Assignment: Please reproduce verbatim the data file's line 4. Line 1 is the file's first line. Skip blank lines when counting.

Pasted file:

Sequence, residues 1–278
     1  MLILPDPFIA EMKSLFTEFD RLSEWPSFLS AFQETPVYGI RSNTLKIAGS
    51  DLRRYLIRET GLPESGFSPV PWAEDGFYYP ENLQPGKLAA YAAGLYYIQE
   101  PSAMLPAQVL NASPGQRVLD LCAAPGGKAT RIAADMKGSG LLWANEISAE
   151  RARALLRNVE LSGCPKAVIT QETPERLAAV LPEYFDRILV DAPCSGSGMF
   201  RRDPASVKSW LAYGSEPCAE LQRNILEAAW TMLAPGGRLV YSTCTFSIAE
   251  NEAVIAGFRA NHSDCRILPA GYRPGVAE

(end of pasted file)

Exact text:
   101  PSAMLPAQVL NASPGQRVLD LCAAPGGKAT RIAADMKGSG LLWANEISAE